Transcending borders

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North Korea and South Korea are physically separated by a state-imposed border, also known as the Demilitarized Zone (DMZ). Families separated by the border have had no means of communicating since the Korean War of 1950-53, with no exchanges of letters, telephone calls or emails allowed between the two Koreas.

The most recent family reunion of separated families took place sometime in February 2014. A total of 22,000 people from both Koreas have participated in past reunions. About 71,000 South Koreans — more than half of them 80 or older — remain on a waiting list for a chance to meet with relatives in the North. South Korean participants are selected by lottery. It is unclear how the North chooses its candidates. Of those on the waiting list, 3,800 die each year without fulfilling their dreams.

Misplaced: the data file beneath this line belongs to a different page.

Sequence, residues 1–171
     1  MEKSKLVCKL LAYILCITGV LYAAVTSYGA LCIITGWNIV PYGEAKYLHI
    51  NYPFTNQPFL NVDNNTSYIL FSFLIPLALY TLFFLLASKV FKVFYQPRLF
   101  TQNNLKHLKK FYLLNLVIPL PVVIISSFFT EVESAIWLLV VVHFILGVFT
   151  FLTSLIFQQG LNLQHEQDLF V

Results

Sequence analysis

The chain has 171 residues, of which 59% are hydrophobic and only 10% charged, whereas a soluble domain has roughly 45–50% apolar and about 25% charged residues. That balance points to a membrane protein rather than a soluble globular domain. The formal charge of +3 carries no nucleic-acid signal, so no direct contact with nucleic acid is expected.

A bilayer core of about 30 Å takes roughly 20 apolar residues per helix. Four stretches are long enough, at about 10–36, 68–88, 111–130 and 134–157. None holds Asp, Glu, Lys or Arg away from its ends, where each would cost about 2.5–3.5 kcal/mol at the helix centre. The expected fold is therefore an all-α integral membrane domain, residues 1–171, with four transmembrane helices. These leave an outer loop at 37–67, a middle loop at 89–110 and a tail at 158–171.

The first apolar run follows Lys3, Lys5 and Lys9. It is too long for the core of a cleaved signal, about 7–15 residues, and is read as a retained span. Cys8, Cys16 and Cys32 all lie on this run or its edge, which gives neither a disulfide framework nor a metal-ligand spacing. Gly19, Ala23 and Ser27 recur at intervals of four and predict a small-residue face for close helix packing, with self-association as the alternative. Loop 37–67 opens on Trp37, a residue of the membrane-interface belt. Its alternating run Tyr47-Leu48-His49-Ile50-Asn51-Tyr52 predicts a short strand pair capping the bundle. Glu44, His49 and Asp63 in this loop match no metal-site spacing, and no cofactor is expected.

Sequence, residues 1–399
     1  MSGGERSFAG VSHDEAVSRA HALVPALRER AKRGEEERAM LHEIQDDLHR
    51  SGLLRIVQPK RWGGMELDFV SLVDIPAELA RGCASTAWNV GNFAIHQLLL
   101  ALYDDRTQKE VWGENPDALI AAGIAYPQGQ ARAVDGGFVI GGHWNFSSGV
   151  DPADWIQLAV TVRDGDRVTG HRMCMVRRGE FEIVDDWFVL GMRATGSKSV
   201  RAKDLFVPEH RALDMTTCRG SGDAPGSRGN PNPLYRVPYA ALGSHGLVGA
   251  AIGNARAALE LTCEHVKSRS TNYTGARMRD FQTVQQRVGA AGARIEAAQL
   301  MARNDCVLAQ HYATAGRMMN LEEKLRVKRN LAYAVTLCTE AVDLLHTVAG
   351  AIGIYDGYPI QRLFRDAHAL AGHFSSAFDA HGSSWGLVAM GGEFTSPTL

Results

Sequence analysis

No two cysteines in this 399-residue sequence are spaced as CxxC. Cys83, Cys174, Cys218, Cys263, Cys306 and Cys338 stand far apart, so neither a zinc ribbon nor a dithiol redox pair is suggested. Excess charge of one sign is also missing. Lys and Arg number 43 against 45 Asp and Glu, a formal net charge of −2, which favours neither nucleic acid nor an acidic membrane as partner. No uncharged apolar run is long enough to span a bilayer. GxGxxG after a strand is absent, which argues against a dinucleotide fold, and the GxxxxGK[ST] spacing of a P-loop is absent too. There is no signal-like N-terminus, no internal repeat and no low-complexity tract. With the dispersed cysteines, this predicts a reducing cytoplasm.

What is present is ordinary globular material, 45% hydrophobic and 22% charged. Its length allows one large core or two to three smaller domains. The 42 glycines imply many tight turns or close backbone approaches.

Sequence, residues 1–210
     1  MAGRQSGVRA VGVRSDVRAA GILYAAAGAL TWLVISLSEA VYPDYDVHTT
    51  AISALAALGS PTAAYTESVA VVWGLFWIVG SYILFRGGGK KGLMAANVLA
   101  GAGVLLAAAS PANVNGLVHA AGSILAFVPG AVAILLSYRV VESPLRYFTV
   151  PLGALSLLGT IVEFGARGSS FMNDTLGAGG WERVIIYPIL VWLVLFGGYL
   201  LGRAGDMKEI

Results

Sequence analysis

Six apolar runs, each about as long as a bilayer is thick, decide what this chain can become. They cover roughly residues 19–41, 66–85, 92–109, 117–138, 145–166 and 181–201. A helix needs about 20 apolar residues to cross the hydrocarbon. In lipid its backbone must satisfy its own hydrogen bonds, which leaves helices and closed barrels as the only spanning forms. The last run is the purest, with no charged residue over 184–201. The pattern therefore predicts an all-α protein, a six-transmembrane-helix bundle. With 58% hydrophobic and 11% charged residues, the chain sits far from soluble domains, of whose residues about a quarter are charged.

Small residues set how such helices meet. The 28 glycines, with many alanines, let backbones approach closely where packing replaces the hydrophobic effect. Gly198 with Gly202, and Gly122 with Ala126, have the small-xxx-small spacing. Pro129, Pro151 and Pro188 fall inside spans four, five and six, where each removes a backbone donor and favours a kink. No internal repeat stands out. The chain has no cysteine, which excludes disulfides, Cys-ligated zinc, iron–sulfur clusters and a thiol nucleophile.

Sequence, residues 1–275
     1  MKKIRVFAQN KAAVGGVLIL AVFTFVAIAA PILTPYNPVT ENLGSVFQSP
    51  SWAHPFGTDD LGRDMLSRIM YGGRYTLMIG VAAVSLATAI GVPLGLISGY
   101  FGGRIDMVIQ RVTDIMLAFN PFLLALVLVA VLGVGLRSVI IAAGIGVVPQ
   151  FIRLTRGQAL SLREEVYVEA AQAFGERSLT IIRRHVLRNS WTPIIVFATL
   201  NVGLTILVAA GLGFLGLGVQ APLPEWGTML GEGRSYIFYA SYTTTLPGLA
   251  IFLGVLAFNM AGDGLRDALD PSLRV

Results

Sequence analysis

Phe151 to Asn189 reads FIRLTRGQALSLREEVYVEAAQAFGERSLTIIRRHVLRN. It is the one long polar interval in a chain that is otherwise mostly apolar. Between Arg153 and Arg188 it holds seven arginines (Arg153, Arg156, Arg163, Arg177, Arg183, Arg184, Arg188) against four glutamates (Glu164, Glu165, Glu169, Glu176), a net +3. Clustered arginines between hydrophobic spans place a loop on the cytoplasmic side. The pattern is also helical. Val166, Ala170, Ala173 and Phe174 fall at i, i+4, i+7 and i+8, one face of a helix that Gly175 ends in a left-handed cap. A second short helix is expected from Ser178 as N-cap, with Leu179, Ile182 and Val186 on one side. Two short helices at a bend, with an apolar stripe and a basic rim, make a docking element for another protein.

It is sad to see how these families are separated by a man-made border when in actuality, nothing should really be stopping them from seeing their family members.

While physically separated, there is an enduring connection that ties the separated families together even after all these years – love.



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Currently living and pursuing my undergraduate studies in South Korea.

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